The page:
Charity's ‘Impact’ Investment Helps Soviet Emigre Lap Carmakers
(Bloomberg) -- A Baltimore philanthropy is trying to save lives with an unwitting accomplice: the automotive industry.
Since 1995, the Abell Foundation has taken an equity stake in companies tackling big issues from renewable energy to medical innovation. It is one of a small but growing number of nonprofits that have looked beyond stocks and bonds to make direct investments in companies.
One of Abell’s most ambitious -- and successful -- investments has been the $25 million it sunk into Paice LLC, a developer of hybrid car technology. That bet is paying off as the company wins a series of lucrative patent-infringement cases against the world’s biggest automobile makers.
Its largest deal was with Toyota Motor Corp., which in 2010 struck a licensing agreement with Paice on the eve of a trial that could have led to having its hybrid cars being banned from the U.S. market. Hyundai Motor Co. and Kia Motors Corp. were next in 2015, reaching an agreement after a jury ordered them to pay Paice $28.9 million. Volkswagen AG -- owner of the Volkswagen, Audi and Porsche brands -- followed suit two years later. This year, Ford Motor Co. and Honda Motor Co. fell into line.
Combined, the manufacturers represent more than 80 percent of hybrid vehicles sold in the U.S., according to Paice.
The company was founded by Alex Severinsky, an antitank warfare engineer who came to the U.S. from the Soviet Union in 1978 with $800, settling in Dallas. The next year, while waiting in line for gas during an oil crisis, he was inspired to find a way to reduce his new nation’s dependence on foreign oil.
He decided that hybrid cars that combine gasoline and electric power were the best solution. In 1992, he founded Power Assisted Internal Combustion Engines, or Paice, which has been awarded more than 30 patents related to hybrid vehicles -- some of which he says have been infringed by car companies.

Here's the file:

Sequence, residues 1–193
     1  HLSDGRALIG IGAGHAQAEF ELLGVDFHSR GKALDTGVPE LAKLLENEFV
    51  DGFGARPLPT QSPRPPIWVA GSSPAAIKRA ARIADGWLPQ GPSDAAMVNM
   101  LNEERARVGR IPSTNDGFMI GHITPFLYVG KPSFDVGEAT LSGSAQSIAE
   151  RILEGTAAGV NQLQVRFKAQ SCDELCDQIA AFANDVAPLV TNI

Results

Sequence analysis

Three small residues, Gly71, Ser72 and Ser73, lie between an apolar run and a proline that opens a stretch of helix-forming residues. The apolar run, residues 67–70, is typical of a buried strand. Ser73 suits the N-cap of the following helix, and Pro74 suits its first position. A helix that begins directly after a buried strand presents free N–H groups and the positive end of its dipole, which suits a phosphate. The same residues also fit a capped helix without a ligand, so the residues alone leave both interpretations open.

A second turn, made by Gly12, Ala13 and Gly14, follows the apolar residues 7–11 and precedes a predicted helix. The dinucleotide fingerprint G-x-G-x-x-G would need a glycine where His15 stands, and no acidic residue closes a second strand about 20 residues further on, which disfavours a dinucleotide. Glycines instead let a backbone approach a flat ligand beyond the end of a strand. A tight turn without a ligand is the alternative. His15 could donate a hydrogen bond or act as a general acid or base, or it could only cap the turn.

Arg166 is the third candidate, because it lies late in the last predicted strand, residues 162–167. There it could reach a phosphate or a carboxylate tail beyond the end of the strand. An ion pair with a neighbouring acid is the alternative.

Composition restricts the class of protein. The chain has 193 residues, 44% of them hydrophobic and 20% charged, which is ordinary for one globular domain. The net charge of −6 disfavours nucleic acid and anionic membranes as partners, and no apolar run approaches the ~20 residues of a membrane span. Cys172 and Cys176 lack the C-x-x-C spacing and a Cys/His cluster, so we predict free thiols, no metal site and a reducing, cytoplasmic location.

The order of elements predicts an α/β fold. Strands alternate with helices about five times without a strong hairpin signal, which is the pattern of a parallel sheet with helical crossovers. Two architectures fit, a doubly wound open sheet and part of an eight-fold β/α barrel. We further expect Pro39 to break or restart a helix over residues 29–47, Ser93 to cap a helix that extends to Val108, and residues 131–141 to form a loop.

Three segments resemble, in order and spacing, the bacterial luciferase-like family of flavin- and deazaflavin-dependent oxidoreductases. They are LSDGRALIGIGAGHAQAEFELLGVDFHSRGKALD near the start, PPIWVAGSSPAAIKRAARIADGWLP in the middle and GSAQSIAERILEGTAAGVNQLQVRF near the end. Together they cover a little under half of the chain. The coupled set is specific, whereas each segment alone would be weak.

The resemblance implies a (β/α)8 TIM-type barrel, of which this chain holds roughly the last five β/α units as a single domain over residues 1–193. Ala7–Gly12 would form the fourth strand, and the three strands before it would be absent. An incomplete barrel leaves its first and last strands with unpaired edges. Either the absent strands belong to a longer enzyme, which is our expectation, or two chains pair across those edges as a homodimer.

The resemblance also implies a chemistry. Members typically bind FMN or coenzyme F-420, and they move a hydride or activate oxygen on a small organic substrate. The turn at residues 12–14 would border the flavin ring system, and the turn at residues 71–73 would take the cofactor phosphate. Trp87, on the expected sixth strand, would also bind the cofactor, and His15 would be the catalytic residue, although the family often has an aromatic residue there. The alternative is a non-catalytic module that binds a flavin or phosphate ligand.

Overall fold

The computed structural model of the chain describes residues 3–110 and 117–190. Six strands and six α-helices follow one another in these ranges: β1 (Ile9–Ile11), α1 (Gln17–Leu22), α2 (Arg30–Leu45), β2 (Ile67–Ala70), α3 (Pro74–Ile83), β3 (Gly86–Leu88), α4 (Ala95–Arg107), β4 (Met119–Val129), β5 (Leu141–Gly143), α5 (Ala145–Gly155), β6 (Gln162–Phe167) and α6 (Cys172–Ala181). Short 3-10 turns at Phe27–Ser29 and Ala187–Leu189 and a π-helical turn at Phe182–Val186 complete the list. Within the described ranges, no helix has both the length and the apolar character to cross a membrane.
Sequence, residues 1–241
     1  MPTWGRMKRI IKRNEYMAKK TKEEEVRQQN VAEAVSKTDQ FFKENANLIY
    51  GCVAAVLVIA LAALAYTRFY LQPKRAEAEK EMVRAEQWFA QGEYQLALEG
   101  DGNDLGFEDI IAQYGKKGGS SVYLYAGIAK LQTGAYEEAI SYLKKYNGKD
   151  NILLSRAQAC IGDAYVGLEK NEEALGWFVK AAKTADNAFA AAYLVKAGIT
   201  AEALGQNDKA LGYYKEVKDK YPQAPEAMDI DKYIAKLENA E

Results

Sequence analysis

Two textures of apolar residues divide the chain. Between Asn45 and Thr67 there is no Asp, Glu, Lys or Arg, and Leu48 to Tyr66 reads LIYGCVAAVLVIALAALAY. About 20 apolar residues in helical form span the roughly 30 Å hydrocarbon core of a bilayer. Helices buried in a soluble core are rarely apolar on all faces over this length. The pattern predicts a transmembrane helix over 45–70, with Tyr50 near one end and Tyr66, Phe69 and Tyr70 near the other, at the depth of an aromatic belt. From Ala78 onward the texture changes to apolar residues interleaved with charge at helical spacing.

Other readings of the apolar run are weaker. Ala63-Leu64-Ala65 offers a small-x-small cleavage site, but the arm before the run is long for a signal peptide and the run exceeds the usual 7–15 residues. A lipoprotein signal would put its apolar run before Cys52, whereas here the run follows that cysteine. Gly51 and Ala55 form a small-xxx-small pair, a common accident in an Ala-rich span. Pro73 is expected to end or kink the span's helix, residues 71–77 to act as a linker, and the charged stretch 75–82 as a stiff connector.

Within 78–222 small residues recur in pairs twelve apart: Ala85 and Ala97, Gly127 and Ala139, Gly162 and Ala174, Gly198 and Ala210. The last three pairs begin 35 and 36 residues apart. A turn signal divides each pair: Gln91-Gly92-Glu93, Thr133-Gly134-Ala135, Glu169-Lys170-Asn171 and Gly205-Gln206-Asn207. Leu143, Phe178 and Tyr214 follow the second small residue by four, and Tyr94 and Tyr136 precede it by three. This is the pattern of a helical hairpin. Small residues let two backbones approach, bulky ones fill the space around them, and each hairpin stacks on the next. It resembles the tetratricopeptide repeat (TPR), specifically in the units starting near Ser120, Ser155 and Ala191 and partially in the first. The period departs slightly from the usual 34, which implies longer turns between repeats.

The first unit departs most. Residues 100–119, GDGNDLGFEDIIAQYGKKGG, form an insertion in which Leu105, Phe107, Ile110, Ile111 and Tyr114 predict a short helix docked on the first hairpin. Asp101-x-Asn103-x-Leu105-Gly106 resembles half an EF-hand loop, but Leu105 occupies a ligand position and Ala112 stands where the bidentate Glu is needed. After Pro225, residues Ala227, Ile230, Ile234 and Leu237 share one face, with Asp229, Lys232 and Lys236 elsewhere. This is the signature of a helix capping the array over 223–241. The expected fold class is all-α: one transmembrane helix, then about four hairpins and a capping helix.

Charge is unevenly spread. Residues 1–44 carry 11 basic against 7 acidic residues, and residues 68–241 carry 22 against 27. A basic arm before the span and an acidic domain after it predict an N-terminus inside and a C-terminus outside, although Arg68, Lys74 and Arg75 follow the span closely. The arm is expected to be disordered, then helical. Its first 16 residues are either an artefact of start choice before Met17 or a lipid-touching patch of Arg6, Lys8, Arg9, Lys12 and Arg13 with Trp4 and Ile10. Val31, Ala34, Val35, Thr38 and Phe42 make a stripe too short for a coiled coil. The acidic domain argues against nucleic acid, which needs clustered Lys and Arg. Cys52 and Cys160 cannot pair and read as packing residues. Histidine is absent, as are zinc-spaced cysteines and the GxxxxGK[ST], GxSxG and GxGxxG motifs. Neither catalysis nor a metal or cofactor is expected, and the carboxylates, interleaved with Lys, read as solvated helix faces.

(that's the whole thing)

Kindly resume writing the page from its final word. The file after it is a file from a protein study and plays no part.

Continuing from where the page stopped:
That led Paice to court and the International Trade Commission where it has over the past 14 years racked up an impressive string of concessions from car companies.
“People in America are very supportive of people who want to do things,” said Severinsky, 74, who stepped down as Paice chairman and CEO in 2006 and now serves as chairman emeritus and adviser.
Severinsky wasn’t the only beneficiary. Over the last two decades, Abell support helped Severinsky develop a prototype to showcase his “Hyperdrive” technology that provides a way to supply torque to a car’s wheels from both an electric motor and internal combustion engine.
Residents of Maryland’s largest city reap these benefits because Abell, which owns a majority stake in Paice, gives away millions of dollars a year in grants.
Since its founding in 1953, the foundation -- named for the founders of the Baltimore Sun newspaper and funded in part with the proceeds of its later sale -- has contributed more than $276 million to the community to advance education, workforce development, arts and human services. Its 2016 tax filing listed total assets of $313 million.
Abell was an early practitioner of “impact investing,” an idea popularized in the last decade of seeking both financial return and social benefit.
Robert Embry, the foundation’s president, said while Abell was making an impact with its grants its investments weren’t “affecting anything positively, really.”
“We weren’t doing anything for society” with the investments, he said. “Baltimore’s major issue was jobs, so what could we do to create more jobs in the city?”
The foundation had hoped its investment in Paice would bring manufacturing jobs to Baltimore, but that was ultimately unrealized as automakers independently pursued hybrid technology. Today, the company is based in Baltimore but consists of six people focused mainly on defending its patents.
Abell has set aside about 20 percent of its endowment -- $70 million or so -- to invest in companies that can spark economic growth in Baltimore. One of its requirements for candidates is to be based in the city or willing to relocate.